The couple arrived at my office with a common problem. They had an 8-month-old and a 3-year-old. The husband was starved for physical contact and had been since baby No. 1 was born. But between the nursing infant and the clinging toddler, the wife was getting just about as much physical contact as she could stand.
Over the course of several sessions, I explored what might be affecting their sex life by asking them some gentle questions. Could the mother have postpartum depression? Was the coupl...
Many people discover more about this part of themselves over time. For example, some girls and boys date heterosexually in high school then find later on that they are really more comfortable, romantically and sexually, with members of their own gender.
You may hear many different words and phrases about homosexuality and sexual orientation. Here are some definitions:
Ally: A heterosexual person who fully accepts and supports his or her LGBT friends or family members. An ally recognizes the equality of people of all sexual orientations and gender identities.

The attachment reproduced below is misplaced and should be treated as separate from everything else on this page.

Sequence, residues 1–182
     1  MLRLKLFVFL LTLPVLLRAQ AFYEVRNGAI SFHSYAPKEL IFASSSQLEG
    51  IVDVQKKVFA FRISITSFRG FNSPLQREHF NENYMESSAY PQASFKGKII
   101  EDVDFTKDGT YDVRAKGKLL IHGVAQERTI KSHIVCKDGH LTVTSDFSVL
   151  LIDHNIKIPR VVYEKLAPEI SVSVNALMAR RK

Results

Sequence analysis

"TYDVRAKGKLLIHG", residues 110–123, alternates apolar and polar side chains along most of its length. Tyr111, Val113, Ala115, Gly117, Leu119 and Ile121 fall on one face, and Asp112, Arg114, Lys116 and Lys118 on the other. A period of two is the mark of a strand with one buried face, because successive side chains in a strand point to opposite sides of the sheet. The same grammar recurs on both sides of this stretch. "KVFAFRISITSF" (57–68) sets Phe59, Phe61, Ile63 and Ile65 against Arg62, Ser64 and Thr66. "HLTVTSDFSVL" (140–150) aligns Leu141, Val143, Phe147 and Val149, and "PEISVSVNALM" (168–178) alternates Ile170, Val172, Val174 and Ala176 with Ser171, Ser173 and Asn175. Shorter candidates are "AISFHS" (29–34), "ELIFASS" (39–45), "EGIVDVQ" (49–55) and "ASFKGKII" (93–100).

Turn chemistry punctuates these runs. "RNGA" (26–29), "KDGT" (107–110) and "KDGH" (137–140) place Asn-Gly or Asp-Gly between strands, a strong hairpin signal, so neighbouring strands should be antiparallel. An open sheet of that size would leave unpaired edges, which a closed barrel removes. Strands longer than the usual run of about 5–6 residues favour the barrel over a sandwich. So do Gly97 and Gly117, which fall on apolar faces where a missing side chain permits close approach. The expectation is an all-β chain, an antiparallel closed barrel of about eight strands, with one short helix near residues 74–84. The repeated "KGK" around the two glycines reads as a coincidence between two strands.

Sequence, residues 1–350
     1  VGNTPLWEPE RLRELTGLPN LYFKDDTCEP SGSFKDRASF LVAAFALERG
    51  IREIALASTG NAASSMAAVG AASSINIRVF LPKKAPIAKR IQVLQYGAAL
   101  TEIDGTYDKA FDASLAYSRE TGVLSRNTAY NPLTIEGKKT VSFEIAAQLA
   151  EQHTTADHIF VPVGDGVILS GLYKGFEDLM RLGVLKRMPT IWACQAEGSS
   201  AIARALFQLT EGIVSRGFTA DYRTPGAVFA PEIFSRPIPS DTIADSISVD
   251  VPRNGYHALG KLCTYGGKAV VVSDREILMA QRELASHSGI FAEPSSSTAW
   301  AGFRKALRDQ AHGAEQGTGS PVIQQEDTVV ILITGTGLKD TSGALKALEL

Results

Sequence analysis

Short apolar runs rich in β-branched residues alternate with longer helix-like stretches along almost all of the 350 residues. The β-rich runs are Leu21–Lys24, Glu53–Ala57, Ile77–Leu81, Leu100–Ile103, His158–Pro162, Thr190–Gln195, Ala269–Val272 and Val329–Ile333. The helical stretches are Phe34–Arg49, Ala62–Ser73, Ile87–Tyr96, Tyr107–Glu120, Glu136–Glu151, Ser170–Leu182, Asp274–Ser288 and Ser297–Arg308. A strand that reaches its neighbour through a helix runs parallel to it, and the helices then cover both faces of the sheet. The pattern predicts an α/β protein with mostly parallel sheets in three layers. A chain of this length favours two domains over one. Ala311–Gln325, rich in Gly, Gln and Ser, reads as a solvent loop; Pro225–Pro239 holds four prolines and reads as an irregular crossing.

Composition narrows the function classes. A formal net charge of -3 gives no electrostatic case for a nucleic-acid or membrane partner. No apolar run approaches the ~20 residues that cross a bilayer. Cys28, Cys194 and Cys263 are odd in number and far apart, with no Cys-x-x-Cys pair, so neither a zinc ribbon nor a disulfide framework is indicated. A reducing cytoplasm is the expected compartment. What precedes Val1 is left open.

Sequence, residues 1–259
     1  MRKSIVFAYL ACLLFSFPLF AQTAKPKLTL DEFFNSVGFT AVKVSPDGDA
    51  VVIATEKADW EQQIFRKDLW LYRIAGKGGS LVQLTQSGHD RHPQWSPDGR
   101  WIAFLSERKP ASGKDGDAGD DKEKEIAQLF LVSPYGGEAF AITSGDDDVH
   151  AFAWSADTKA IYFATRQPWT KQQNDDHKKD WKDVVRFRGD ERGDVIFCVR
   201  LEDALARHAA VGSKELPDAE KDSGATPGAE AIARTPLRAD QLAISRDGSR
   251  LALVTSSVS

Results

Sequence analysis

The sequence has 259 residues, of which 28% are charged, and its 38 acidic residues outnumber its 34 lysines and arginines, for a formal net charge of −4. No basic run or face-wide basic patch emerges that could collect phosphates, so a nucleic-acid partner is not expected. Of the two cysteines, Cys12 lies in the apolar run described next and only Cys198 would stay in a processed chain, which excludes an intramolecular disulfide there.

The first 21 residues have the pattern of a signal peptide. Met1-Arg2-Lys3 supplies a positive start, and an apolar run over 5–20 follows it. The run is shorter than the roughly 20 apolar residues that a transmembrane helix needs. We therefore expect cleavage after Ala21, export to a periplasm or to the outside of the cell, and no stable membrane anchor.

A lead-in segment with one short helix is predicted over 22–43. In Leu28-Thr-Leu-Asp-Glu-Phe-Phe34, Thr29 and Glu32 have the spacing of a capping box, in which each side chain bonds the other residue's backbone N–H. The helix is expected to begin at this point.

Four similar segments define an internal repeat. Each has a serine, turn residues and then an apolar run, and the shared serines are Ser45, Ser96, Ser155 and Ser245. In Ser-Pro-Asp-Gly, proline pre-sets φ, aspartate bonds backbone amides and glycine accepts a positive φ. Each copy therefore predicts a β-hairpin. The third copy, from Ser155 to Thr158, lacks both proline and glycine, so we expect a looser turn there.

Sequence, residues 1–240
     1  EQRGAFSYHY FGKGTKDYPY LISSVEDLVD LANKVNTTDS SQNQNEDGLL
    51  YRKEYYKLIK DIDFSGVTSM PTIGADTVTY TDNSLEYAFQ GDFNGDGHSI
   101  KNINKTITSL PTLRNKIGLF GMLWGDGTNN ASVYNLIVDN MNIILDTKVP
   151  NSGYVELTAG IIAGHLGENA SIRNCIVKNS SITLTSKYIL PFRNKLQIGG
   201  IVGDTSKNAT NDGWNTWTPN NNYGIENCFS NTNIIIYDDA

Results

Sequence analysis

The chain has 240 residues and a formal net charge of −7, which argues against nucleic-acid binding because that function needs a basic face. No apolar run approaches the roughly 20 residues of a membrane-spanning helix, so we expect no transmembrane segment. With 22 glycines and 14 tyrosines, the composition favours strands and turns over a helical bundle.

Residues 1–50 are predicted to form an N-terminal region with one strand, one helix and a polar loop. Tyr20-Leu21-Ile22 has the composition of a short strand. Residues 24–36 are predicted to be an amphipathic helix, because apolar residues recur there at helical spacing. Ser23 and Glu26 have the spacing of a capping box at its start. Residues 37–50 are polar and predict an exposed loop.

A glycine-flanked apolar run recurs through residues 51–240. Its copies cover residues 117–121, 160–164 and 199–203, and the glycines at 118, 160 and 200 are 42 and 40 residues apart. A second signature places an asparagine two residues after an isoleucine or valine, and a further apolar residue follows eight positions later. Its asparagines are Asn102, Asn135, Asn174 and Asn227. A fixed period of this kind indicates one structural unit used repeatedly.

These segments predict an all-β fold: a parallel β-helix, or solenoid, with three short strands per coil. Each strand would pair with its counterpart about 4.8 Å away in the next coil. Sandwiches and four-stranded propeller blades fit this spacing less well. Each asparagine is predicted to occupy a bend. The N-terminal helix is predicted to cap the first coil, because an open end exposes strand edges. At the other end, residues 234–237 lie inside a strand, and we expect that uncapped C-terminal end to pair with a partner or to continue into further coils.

Bi: A short, informal way of saying "bisexual."
Gay: A man who is homosexual. "Gay" is sometimes used to refer to both men and women who are homosexual.
Gender identity: Your internal sense of whether you are male or female. This may not be the same as your physical sex.
In the closet: A person who realizes that she or he is gay and keeps this a secret is "in the closet" or "closeted."
Lesbian: A woman who is homosexual.
LGBT: Popular shorthand for "Lesbian, Gay, Bisexual, Transgender." Often seen as "GLBT." Sometimes a "Q" is added (LGBTQ), for "queer" or "questioning." A person who is "questioning" is one who isn't sure about his or her sexual orientation or gender identity.
Queer: A word meaning "not heterosexual." Some gay people are offended by the word. But many people have reclaimed the word as a way of saying that they are open about their sexual orientation.
Transgender: People who don't feel that their gender identity fully "matches" their physical sex or other body characteristics, or who feel different from most other people of their physical sex in some significant way, sometimes call themselves transgender. This is a very general term. There are many ways to be transgender.
Transsexual: People who use medical treatments, such as hormone medicine or surgery, to make their bodies match their gender identity.